Medical News
May 4, 1964

Reducing Mortality of Myocardial Infarction Is 'Ultimate Criterion' of Anticoagulant Therapy

JAMA. 1964;188(5):29. doi:10.1001/jama.1964.03060310091041

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"In the evaluation of the use of long-term anticoagulant therapy in the management of patients recovered from myocardial infarction, the ultimate criterion" of successful therapy must be a reduction in mortality rate, Richard V. Ebert, MD, of Little Rock, Ark, told the 45th annual session of the American College of Physicians, in Atlantic City, April 6-10.

He cited as "criteria of lesser importance," the reduction in incidence of clinical episodes of myocardial infarction or other complications of the disease which might be influenced by anticoagulant therapy. "The evaluation of therapeutic agents in the treatment of chronic disease is infinitely more difficult than the study of therapy in acute illness."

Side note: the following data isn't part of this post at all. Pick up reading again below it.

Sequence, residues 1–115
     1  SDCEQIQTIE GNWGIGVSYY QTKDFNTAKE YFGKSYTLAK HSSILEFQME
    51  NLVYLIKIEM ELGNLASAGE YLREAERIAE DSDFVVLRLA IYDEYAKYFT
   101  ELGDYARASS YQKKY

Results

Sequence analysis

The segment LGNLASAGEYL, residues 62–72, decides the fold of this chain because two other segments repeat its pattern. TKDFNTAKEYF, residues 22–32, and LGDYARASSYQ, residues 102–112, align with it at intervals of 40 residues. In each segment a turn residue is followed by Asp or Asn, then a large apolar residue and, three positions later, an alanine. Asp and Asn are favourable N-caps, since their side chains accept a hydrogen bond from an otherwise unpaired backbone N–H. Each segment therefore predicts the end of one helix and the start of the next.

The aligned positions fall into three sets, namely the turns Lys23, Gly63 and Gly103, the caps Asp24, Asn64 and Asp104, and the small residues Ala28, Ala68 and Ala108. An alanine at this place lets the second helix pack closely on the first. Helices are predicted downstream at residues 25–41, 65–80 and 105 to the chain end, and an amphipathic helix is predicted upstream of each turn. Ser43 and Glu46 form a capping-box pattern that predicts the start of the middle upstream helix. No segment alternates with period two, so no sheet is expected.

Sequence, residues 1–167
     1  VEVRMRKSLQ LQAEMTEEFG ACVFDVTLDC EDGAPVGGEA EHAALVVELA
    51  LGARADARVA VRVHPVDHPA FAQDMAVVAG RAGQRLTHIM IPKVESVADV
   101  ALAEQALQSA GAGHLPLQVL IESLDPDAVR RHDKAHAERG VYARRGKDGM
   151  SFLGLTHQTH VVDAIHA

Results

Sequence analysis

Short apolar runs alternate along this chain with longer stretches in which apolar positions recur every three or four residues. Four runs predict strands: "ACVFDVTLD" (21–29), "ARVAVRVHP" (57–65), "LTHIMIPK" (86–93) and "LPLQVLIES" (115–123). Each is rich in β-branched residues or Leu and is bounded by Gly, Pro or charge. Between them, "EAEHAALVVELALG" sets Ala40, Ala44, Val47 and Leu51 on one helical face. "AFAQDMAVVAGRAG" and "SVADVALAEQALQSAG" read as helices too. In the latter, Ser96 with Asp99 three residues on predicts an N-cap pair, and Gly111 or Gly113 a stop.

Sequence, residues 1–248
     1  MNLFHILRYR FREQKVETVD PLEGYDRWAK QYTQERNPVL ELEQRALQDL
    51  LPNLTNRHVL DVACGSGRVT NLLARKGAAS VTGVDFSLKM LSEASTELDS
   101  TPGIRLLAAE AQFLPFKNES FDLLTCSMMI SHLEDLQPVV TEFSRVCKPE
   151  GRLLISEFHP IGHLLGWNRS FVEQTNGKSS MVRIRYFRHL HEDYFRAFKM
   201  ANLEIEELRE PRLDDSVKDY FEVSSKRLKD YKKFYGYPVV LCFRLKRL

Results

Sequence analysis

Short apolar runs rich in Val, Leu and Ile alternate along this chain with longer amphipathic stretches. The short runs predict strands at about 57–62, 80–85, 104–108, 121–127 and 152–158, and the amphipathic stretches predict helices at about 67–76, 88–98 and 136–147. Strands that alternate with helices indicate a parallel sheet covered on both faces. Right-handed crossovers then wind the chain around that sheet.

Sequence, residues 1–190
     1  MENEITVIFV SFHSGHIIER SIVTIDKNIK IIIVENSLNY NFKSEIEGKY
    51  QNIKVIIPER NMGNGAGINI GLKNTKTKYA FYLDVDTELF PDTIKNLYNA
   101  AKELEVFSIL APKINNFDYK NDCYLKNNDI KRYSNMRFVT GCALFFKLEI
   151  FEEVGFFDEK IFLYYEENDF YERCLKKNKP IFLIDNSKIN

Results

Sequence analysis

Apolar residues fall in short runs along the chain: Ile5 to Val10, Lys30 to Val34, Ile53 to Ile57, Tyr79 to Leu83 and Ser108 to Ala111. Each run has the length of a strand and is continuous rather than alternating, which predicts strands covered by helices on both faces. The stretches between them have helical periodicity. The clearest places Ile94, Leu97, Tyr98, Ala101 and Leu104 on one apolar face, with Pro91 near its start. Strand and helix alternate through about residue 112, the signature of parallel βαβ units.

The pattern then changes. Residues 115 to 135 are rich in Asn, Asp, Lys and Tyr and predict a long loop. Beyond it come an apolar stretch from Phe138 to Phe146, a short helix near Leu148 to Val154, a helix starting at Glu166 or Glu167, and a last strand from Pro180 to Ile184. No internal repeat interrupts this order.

According to Ebert, a study of survival rates for patients recovered from myocardial infarction showed a progressive decrease in the number of surviving patients over a five-year period as well as a "considerable" difference in the survival of the patients under

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